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This time, it’s Kyle Busch who makes crucial pit road mistake

By admin | April 20, 2009

By Richard Allen

You have to know Kyle Busch wants to beat the Hendrick Motorsports organization any time he gets the opportunity to do so. In the Subway Fresh Fit 500 at the Phoenix International Raceway he had his chance but made a crucial mistake when it mattered most.

Granted, the stories regarding pit road miscues are usually reserved for Dale Earnhardt, Jr. and his crew, and this week they did make yet another costly goof on pit road, but that is beside the point.

Anyway, back to Kyle Busch. This time it was he who ultimately cost himself a shot at victory Saturday night on pit road.

With 12 laps to go the caution flag flew when Junior and Casey Mears got tangled together. Almost everyone came down pit road for a final stop before the dash to the checkered flag.

Busch saw an opportunity to beat the #5 HMS car out of the pits and apparently could not keep himself from pushing just that little extra bit harder on the gas. Since the best place to pass nowadays is on pit road he no doubt hoped to get away with that tiny bit extra.

But, there was to be no such luck for the driver of the #18 Toyota. NASCAR officials caught him in the act of being too fast on pit road.

Perhaps he pushed that little bit extra because it was his old ride, car #5, that he was trying to get around. Surely, there could have been nothing better than to once again prove to the organization that let him go they made a big mistake.

Instead of racing for the lead, or even 2nd place, Busch was sent to the end of the line to pay for his infraction. He settled for a 17th place finish when all was said and done.

Busch currently holds the 7th spot in the Sprint Cup standings, 216 points behind leader Jeff Gordon. Perhaps he could be a lot closer if not for that #5 car.

Richard Allen is a member of the National Motorsports Press Association. His weekly column appears in The Mountain Press every Wednesday.

* For a chuckle, click on the link below to chack out my latest animated short film, “Racing Re-Cap: Phoenix”.

In this episode racing reporter Mark Mustang is surprised to discover that his co-host, Daisy Dreamboat, actually travelled to Phoenix but is disappointed when he finds out why.

Topics: Articles |

2 Responses to “This time, it’s Kyle Busch who makes crucial pit road mistake”

  1. Allen Edwards Says:
    April 21st, 2009 at 9:12 am

    I wonder if Kyle used a taste of his own medicine on himself? “Man Up Lady,” he might say to himself. Why? He has himself taken hisself out of the last two races: Texas by whacking at John Andretti and killing his own tire and now Phoenix. He was so on his team’s back when they “lost” him a race by pit road mistakes, I wonder what he thinks about all that now? Hey I think he is a brilliant driver; what the sport needs; and is somewhat a throwback of the ‘good ole days,’ but every now and again this kid needs his ears whacked until they bleed. He must see that ALL people make mistakes, including him.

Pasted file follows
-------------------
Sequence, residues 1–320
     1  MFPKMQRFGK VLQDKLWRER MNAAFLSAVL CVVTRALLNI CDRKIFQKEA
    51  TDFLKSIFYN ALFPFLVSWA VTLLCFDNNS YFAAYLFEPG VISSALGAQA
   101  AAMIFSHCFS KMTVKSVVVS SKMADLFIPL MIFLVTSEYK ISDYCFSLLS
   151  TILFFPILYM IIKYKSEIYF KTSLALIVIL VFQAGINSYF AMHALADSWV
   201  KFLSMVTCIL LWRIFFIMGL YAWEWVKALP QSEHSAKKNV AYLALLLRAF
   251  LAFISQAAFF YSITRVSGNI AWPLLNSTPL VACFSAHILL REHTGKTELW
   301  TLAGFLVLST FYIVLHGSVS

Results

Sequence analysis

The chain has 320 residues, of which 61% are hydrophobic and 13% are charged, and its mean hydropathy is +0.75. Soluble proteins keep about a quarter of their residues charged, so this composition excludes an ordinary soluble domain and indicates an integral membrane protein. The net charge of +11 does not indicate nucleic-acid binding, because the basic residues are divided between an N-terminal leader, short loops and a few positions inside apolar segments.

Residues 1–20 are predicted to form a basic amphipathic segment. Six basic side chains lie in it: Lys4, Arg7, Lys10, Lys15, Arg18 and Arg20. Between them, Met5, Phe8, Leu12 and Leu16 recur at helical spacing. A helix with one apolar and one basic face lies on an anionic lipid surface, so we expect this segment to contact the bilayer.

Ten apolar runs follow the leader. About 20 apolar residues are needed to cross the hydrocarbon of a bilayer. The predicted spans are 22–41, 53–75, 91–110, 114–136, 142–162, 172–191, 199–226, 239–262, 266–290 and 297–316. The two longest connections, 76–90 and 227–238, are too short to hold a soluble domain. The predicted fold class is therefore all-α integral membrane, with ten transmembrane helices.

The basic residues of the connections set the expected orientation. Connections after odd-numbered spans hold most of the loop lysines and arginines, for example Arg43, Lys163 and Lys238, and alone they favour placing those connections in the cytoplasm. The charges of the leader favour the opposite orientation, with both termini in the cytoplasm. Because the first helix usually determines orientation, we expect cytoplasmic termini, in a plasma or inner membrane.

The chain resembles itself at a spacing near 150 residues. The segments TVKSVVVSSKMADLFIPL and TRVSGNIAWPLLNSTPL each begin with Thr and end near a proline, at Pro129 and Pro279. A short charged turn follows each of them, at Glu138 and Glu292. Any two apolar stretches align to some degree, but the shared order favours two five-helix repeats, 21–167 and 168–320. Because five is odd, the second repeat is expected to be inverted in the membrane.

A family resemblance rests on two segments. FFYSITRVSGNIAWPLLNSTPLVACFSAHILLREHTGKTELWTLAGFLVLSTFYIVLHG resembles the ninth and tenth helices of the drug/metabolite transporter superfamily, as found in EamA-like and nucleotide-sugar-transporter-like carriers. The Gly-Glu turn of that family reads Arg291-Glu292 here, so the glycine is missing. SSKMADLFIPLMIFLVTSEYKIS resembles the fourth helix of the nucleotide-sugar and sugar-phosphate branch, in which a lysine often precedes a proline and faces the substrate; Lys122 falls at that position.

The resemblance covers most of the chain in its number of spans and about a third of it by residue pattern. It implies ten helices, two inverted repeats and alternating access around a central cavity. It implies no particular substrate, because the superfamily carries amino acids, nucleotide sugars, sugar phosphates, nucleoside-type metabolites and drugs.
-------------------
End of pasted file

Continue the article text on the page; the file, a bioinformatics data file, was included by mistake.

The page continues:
Man I tell ya, two of the most respected and successful business people on the planet — Penske and Gibbs — drew the cards on having to manage the Busch boys. Wow! On one hand they win, on the other hand they really do needed slapped in the face every 3 or 4 days. ‘Dude’. What a crock of sh.t calling a billionaire “dude” in a disrespectful way no less. Hey a billionaire can be wrong and does need push back from his employees–and as much of a rebel as I am personally in that regard even I wouldn’t call the man that holds your future “dude” in such a callous way. I thought Kurt learned from anger management and media training. Guess it was just a bandaid on a larger problem. I wonder if Old Man Busch treated those kids like Old Man Jackson?…Now there is some well adjusted kids for you…Michael, Janet…

    All I can say is that if the economy gets any worse–and it can–and NASCAR goes away–and it can (note to public: Lehman, GM, Chrysler, Wachovia, WAMU, IndyMac, etc. Ever heard of those?), then the Busch boys with their attitude couldn’t get a job stuffing M&Ms or filling Miller bottles as it were. So as the Zen Master said, we shall see.

  2. Jimbo Says:
    April 21st, 2009 at 10:20 am

    Given the fact that NASCAR has decided not to punish either Junior or Mears for their actions at Phoenix, incidents that were out in the open for all to see, it kind of makes you wonder about speeding on pit road, which we all have to take NASCAR’s word for. At a critical point in the race, NASCAR’s decision took away Kyle’s chance to go for the win. If they posted all the speeds entering and leaving pit road in real time and in full view of the fans, then I would have no problem accepting their decisions. Like the “debris cautions”, pit road speeding has become yet another way NASCAR can influence the outcome of a race. I’m a Martin fan and glad he won, but you have to agree that Mark’s win was a better outcome for all concerned. Had Kyle won, everyone would have been complaining what a rotten race it was.